How 7,000 Steps a Day Can Reduce Your Risk of Early Death

Researchers say walking 7,000 steps a day can lower your risk of death by 50 percent to 70 percent.

– Their study matches up with the American Heart Association’s recommendation of 150 minutes of exercise per week.

– If you get bored with walking, you can switch off with other exercises such as swimming and bicycling.

“Sometimes people may be discouraged by high exercise goals — 10,000 steps could seem unattainable, in which case people may say, ‘Well it’s not even worth trying,’” said Dr. Michael Tiso

Encouraging news

Tiso says the main point is to remember that exercise, and physical activity in general, is good for you.

Following the guidelines means paying attention to pace and how often you’re getting your heart rate up.

What the guidelines say

– Get at least 150 minutes per week of moderate-intensity aerobic activity (such as walking). – Another alternative is to get 75 minutes per week of vigorous aerobic activity (such as running or uphill hiking, rowing). – Another alternative (ideally) is a combination of both, spread out over the week. – Add moderate-intensity to high-intensity, muscle-strengthening activity (such as resistance or weights) on at least 2 days per week. – Spend less time sitting. Even light-intensity activity can offset some of the risks of being sedentary. – Increase your amount and intensity gradually over time.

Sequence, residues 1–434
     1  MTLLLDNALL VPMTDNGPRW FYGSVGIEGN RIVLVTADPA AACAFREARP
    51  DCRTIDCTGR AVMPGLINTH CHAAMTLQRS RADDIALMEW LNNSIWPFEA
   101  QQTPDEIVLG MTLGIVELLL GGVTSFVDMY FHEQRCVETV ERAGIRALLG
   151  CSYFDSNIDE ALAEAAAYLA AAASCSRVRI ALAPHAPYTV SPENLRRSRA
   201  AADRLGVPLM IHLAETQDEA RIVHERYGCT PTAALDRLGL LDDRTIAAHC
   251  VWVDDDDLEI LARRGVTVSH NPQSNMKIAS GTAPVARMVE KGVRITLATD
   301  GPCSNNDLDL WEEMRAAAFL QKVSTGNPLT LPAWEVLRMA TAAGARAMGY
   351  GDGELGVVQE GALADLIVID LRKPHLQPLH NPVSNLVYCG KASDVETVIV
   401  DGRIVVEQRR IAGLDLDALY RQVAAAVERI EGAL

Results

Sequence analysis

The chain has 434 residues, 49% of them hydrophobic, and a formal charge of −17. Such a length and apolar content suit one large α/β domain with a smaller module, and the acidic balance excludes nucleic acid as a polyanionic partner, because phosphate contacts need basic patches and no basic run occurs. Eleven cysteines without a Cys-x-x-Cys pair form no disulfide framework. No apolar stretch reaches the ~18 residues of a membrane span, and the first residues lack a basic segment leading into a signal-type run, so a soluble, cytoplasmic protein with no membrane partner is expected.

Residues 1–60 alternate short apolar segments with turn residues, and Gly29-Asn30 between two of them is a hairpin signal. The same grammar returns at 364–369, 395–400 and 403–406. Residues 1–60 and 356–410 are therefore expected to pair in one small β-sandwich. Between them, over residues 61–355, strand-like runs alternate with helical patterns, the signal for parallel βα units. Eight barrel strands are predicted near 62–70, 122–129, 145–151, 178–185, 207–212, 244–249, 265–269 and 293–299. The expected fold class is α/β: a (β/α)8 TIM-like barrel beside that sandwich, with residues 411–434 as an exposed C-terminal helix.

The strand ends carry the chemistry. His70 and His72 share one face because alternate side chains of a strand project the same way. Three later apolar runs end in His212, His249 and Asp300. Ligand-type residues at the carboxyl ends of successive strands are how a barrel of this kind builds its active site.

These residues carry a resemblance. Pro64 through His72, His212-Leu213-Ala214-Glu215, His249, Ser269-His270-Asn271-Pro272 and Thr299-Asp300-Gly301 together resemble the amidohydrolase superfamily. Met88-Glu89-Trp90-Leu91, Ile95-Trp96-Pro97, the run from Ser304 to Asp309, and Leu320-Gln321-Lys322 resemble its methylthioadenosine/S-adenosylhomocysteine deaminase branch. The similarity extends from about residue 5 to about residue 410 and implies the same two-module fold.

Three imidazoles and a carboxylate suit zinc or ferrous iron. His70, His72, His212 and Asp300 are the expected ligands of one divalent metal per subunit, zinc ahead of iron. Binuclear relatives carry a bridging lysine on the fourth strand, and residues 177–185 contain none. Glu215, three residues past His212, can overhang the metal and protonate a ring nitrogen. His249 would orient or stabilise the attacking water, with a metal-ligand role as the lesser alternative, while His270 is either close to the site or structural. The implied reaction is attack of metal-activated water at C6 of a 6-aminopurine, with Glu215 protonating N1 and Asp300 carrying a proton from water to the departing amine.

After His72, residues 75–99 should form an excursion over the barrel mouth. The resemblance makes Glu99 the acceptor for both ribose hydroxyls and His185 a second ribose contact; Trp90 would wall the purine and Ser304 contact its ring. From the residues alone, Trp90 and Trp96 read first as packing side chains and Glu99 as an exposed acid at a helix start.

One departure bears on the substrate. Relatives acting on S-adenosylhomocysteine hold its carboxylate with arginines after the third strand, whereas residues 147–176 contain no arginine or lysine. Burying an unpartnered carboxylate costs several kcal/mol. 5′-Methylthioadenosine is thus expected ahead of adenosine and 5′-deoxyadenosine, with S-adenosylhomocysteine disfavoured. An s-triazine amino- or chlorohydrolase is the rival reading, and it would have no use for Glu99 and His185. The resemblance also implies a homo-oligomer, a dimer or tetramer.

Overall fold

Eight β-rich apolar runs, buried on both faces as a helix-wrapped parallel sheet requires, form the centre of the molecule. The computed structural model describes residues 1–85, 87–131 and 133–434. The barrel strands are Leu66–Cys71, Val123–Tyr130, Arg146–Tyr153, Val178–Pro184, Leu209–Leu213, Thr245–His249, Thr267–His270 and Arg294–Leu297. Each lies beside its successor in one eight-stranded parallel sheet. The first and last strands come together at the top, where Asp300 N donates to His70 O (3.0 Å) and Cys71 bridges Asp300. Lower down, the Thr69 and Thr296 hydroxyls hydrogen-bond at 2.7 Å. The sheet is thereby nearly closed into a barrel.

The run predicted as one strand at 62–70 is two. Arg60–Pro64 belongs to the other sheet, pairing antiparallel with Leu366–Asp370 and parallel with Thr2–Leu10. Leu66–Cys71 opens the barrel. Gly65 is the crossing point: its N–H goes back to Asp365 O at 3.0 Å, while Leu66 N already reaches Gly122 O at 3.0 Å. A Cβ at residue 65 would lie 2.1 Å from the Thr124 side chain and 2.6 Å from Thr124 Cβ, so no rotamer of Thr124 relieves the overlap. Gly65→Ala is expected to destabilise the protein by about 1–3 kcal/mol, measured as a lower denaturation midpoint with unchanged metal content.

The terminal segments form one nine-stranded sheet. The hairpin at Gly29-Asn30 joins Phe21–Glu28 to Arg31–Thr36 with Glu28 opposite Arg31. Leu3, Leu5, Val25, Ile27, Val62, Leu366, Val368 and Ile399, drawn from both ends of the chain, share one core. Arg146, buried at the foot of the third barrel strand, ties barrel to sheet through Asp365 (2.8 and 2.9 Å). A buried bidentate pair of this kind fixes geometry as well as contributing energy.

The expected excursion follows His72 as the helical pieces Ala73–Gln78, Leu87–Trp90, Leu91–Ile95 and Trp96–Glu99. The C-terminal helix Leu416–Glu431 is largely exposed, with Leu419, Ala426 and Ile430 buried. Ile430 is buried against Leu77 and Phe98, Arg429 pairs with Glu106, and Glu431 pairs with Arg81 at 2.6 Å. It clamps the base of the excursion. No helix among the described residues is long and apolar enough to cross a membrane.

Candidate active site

The study didn’t look at increasing health benefits after 7,000 steps per day.

The ideal scenario

However, the AHA says you can gain even more overall health benefits by being active in any activity or combination of activities for at least 300 minutes per week.

This roughly translates to about 5 hours over 7 days. This is the ideal goal and may take some time to work up to.